Ironically, this is among the best news yet for CMS, elsewhere filled with evangelists who embody “the living proof” of an ecstatic truth.
For instance, board member Bill Horberg arrived in Woodstock with his children in 2014. Some unfulfilled expectations disappeared upon his meeting Karl and Ingrid. Bill’s email from vacation in Maine includes: “… the thing I unconsciously had been seeking since I dropped out of the Berklee College of Music in 1979 was suddenly right here under my nose…Karl has this way of bringing you into his sphere, of treating beginners and virtuosos equally as people with a voice and something to say…Soon I was hanging out at his studio on weekends, joining in the impromptu musical gatherings happening there, meeting CMS alumni and newcomers…I asked how I could get more involved and help the organization which was starting to enjoy a renaissance under the guidance of Executive Director Rob Saffer.”
Not surprisingly Rob Saffer’s story serves as prequel to Horberg’s.
“I met KB around 2008. Peter Apfelbaum introduced us. We met again when Karl offered a rhythm class here in town. Within one class I knew he was a masterful teacher…playful with words and ideas [with that] impish, mischievous grin. I started volunteering my time on projects and before long got in much deeper…I’ve been executive director for about five or six years. I come from an listener/fan’s point of view — having been to thousands of gigs for decades…But what CMS tries to do is make sure that music communicates deeply, not superficially. We try to help great musicians become great artists, great communicators through music. We want them to learn to use their crafts and considerable talents to reach people’s ears, hearts, minds, bodies. There’s so much interesting and good work out there, but so much of it also leaves me (at least) feeling empty. We’re pushing in the opposite direction.”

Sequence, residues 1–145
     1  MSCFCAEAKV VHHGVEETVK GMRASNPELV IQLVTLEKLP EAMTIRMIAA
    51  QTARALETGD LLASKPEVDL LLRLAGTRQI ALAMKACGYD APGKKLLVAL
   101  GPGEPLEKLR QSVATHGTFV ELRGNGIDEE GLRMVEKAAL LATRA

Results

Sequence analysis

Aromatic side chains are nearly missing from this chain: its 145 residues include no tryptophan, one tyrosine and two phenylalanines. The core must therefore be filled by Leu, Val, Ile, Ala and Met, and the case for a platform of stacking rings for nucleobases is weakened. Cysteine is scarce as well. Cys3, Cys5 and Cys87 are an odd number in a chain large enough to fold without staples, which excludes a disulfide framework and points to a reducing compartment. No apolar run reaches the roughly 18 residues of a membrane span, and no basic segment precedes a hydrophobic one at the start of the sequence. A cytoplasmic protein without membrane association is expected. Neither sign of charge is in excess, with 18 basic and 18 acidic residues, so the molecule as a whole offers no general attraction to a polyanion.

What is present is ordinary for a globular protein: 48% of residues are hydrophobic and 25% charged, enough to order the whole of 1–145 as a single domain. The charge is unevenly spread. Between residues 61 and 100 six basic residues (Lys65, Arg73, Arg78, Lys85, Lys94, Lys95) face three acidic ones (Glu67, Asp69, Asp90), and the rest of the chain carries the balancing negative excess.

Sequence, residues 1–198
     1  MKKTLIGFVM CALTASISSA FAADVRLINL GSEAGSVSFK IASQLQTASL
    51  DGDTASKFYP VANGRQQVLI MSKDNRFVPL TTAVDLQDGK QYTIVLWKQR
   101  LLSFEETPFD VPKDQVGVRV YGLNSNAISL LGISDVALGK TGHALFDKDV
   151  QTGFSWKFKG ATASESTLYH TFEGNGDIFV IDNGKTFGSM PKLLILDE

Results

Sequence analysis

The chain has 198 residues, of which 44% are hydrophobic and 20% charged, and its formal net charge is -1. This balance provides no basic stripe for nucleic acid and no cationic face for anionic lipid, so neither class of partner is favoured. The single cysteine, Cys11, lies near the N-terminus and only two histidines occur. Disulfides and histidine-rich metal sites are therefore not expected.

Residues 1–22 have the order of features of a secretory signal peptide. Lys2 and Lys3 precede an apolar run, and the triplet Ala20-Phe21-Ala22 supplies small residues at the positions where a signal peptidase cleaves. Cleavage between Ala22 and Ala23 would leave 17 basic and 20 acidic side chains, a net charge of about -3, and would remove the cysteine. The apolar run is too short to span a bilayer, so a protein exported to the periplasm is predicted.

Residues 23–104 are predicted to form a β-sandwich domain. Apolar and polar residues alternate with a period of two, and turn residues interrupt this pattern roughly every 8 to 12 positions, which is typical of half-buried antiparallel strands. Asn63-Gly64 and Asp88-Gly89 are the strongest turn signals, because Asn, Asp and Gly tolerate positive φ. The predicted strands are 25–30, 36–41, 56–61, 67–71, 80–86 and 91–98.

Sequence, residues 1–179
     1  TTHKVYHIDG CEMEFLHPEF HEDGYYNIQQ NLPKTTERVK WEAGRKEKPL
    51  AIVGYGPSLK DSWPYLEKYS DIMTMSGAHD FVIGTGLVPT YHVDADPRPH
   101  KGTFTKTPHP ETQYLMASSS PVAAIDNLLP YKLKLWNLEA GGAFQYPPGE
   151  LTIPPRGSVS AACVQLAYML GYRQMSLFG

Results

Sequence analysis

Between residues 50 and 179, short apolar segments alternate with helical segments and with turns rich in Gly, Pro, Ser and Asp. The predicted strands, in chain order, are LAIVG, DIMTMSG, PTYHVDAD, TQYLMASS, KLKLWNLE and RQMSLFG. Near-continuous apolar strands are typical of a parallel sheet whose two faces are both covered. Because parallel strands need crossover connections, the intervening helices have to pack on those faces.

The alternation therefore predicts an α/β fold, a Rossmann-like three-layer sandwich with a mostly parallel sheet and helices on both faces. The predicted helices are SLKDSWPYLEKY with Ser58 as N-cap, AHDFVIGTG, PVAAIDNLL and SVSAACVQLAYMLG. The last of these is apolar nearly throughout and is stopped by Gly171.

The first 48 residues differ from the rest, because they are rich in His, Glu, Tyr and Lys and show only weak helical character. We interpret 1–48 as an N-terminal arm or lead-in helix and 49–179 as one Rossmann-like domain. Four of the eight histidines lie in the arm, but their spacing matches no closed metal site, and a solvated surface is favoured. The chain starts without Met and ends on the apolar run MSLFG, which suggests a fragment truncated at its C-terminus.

It all boils down to an increasingly rare bit of wonderful news. The Creative Music Studio is poised to lead another musical re-awakening. Both Ingrid and Karl feel reborn, their performances and instruction have never been more joy filled and passionate. At a recent private event, Ingrid told rapt listeners, “It is easy to forget this…but it is our duty to remember.” Then she sang “What a Wonderful World.” With tears my eyes, I was tempted to believe her.
“Karl and Ingrid’s warmth and wisdom has touched generations of students and players who now comprise this extended creative music community,” said Horberg. “There is a re-energized mood that comes exactly in reaction to these dark times we are going through culturally and politically…the need for listening, for dialogue, for meaning, which is really at the core of what we do, has never been greater.”